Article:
The solution necessary for AWS to compete in this IoT Hybrid Cloud model long term area is to develop distributed AWS software packages that can be run on distributed systems at the Edge, and allow them to be managed from the AWS cloud. AWS’s customers have been forthright in asking for such a system.

Wikibon assessment of AWS for Enterprise Hybrid IoT: AWS supports a “bring-your-own-system” hybrid model, with a set of APIs to help manage the two environments. However, AWS does offer distributed databases, distributed time-series databases, distributed analytics, Blockchain technologies, or complete remote management of the IoT hardware and software.  Consider using AWS for initial projects for speed-to-test initial solutions. Until AWS invest significant resources and products in an IoT Hybrid model, avoid authorizing large-scale deployment on AWS.

AWS remains a formidable low cost Infrastructure-as-a-Service (IaaS) vendor, with the ability to host either marketplace IoT Cloud software or SaaS vendors that manage the interface with Edge devices and data with an option of using network services from AT&T NetBond or others.

GE as an IoT Hybrid Model Partner

Wikibon has reviewed GE’s approach to industrial IoT, based on their IIoT platform called Predix. Predix takes a hybrid architected approach to both support the edge needs and exploit the scale and analytic choice of the cloud. GE’s own experiment has started with the premise that systems must meet the requirement of both the IT and OT communities.

At the heart of Predix is a connectivity architecture that connects sensors, control systems, gateways, and equipment management needs typical of OT, to the appliance, server, and storage needs to process that data. A multitude of OT and IT protocols are supported.

Predix provides a distributed messaging model to handle alarms and events, time series databases,  and analytic data needs. Predix provides a set of “Industrial Micro-services” for asset, analytics, data management, security, and operations functions. Predix also offers a set of components for handling edge computing. These include a engines for rules, expression, and aggregation, as well as data handling components, local database services, and the ability to synchronize the 5% or less of data to the GE cloud.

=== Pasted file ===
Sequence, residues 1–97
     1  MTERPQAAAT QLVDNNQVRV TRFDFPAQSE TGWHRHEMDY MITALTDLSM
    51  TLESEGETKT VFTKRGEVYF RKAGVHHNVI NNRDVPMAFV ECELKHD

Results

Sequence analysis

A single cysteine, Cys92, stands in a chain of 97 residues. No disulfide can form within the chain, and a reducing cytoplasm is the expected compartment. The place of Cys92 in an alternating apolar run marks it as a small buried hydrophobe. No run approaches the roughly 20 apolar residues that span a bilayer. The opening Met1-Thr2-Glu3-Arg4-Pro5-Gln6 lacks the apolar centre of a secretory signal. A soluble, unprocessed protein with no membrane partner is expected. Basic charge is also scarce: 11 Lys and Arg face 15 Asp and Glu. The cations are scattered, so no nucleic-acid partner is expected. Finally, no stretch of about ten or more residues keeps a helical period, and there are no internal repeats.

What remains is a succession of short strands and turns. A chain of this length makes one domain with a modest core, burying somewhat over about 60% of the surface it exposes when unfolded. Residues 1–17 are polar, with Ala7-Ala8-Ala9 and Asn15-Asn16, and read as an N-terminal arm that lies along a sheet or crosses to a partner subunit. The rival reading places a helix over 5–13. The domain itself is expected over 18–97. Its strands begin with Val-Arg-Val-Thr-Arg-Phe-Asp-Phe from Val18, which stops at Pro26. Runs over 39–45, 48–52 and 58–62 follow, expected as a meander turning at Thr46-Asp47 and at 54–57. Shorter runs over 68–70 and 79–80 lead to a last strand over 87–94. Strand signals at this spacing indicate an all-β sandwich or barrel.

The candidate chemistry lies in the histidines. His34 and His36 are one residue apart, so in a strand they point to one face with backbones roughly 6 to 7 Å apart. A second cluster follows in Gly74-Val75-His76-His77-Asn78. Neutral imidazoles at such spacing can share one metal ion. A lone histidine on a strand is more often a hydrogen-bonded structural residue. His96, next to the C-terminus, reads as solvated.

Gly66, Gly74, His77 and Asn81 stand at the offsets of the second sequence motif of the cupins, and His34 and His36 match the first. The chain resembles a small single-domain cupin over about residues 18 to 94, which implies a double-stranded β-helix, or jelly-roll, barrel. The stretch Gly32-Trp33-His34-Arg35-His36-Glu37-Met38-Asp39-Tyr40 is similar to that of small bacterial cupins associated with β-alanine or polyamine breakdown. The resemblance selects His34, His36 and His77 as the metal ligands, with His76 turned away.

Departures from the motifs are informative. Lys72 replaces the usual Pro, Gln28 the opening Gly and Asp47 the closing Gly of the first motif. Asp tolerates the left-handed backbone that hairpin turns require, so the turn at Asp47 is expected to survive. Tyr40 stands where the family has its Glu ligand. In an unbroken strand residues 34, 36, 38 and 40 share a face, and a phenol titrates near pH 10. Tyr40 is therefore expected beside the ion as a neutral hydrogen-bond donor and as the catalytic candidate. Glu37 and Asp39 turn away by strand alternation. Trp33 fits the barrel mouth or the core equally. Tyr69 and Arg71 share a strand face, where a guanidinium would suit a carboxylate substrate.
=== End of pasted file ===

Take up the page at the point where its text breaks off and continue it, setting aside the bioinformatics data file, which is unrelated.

Wikibon assessment of GE Predix for Enterprise Hybrid IoT: GE is both a practitioner and developer of IoT solutions. GE’s Predix offers a hybrid approach to Industrial IoT, and one that can facilitate the discussions between OT and IT. There is still room for development of more distributed time-series databases,remote management and other distributed services. GE partner with HPE, Pivot3 and other vendors for Edge hardware and software.

Google as an IoT Hybrid Model Partner

“Brillo” is Google’s Edge IoT operating system deployed on the Android kernel. Google’s “Weave” is an open communications platform for IoT, and by integrating with Google services (including analytics) provides the decision making/advising based on IoT data. Google has similar philosophy to AWS and is public cloud centric, with all the data being processed in the cloud.

Wikibon assessment of Google for Enterprise Hybrid IoT: Google does have an IoT operating system that will run on low cost Android hardware. However, Google does not support a hybrid model, in the sense that data can be mainly processed all the Edge. Consider using Google for initial projects for cost reasons, but until Google invest significant resources in a hybrid mode, avoid authorizing large-scale deployment on Google.

HPE as an IoT Hybrid Model Partner